by R. Gidon Rothstein
[Click for the audio version]
Three 12 Tevet responsa loosely link together, so I’m going to fit all three into this essay. The first, from 12 Tevet 5696 (1936), by R. Chaim Ozer Grodzensky (one of the respondents we see less often, so I take advantage of opportunities to see his ideas), gives a fairly straightforward answer. Along the way, he reminds us of several valuablehalachic concepts, the more interesting aspect of the responsum.
You Can’t Take It With You, Literally
Shu”t Achi’ezer 3;34 answers a question which might seem like a way to hold on to money improperly. The man’s recently deceased son-in-law had said to give ten percent of his assets to charity, in his will and again on his death-bed. The widow, wanted to know if she was required to heed his bequest, since she felt she needed the money (along with the rest of the estate, which he had given her) to care for the children.
How we react to her and her father (who is asking the question on her behalf) depends on their financial situation. If they were wealthy, she comes off badly. However, R. Grodzensky addresses his reply to “gadol echad, a certain Torah giant,” which suggests he knew enough to ask only out of legitimate need.
We’ll likely never know for sure. Either way, the question starts from a person’s loss of any right to dispose of assets after death. Western wills assume assets belong to the deceased (or his/her estate), leaving him/her the right to decide how to dispose of assets.
Halachah disagrees. We will see moral reasons for survivors to fulfill the wishes of the deceased, but as a technical legal matter, once we leave the world, what used to be our money and possessions automatically and immediately devolve to our heirs, and a document we leave behind does nothing to change that.
Tsedakah Is Different
The charity element of our case might change the calculus. R. Yosef Karo (R. Chaim Ozer cites his view from Shu”t Rema 48) applied the principle of amirato le-gavo’a kimesirato le-hedyot to tzedakah. The phrase comes from hekdesh, sanctified items, where halachah tells us a declaration of intent to donate already effects a transfer of ownership. Ordinarily, items change hands only with a kinyan, a formal act of transfer. For hekdesh, words suffice.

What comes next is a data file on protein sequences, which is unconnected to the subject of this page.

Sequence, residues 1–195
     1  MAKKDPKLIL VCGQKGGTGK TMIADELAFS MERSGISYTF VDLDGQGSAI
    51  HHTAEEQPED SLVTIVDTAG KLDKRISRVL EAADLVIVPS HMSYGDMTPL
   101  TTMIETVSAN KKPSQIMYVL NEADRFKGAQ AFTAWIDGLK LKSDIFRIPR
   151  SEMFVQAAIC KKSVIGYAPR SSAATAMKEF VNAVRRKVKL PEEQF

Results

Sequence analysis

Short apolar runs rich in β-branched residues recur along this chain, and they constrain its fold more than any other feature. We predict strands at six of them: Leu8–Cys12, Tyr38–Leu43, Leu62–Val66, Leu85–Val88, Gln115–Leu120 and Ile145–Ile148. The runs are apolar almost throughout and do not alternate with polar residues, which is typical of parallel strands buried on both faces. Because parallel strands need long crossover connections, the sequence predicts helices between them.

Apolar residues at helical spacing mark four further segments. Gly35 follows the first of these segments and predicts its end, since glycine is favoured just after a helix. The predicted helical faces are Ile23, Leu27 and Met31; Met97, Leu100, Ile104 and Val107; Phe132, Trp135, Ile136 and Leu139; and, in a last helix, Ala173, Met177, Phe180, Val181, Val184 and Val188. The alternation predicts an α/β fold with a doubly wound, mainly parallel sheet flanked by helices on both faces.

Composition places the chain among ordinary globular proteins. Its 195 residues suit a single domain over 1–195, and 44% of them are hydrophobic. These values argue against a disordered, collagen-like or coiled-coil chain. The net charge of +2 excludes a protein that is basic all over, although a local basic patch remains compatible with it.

R. Karo (author of Shulchan Aruch, let’s remember) extended the idea to tzedakah, charity. (Rema disagreed, but said to follow R. Karo’s view). We might think the man’s words made the ten percent already charity, not the widow’s to withhold.
It was also a deathbed bequest, an added reason to think it already took effect. To ease the worries of dying people, Chazal created a special category of kinyan called amatnat shechiv me-ra, where a dying person’s words allocate his/her assets. The deceased husband had reiterated his ten percent charity gift on his deathbed, which might again lead us to think it was already the property of charity.
R. Chaim Ozer strikes down both claims based on a responsum of Maharit, who dealt with a bequest to five orphans, where the deceased left the trustee the choice of which ones to support. Maharit said the recipients had not been defined well enough to make the money already theirs. (This does not mean we ignore his wishes, necessarily, as we will see; it only means there has been no technical acquisition.) Here too, the man had not said what charity should receive the money, and neither of the principles we thought of using, amirato le-gavoah nor matnat shechiv mera, take effect without a clear recipient.
Adhering to the Wishes of the Deceased
R. Chaim Ozer does accept another argument, survivors are generally obligated to fulfill the wishes of the deceased, mitzvah le-kayyem divrei hamet. The orphans in this case (the true halachic heirs) were minors (and not obligated in mitzvot), but R. Chaim Ozer thinks the principle still counts. He concedes some authorities disagree (and even more so about whether proceeds from life insurance should be included in what the person who had passed away could affect with his/her wishes). Because of their view, he allows the widow to pay out the ten percent over time rather than right away (but does think she has to pay).
As I said, the actual answer is banal—yes, they must give the charity but may do it over time. Along the way, R. Grodzensky reminded us of fundamental halachic ideas about money, death, and transfers of ownership in various contexts.
Changing Money from One Charitable Cause to Another
The theme of how husbands can cause monetary stress to their wives also underlies Chatam Sofer 3, Even haEzer; 1 from 12 Tevet 5594 (1834). A rabbi had moved to Israel, leaving behind a destitute wife. His followers, however, had established a fund to support him in Israel. Recognizing his wife’s difficulties, he had sent word back to give her a fifth of the money collected for him, creating two problems: first, could the gabbai tzedakah, the trustee of the fund, give her the money, since the donors thought it would go to the rabbi in Israel? Second, she needed more than a fifth—could the gabbai tzedakah give her more?
The rabbi presenting the question wondered whether the halachic idea (in some situations) of ishto ke-gufo, a man and his wife are one unit, could make all money given to her as if it had been given to him. Chatam Sofer thought the reasoning did not go far enough, because the money is being changed from its intended purpose. One halachic view does allow changing funds from their seeming purpose, but not in ways which help us here. R. Simchah, recorded by Mordechai, did allow creditors to collect debts from charity a man collected to support his family. In his view, the money was intended for all the man’s needs, including paying off debts. However, Chatam Sofer thinks R. Simchah only applied his view once the money was in the poor person’s hands; a charity fund’s overseer did not count in those terms.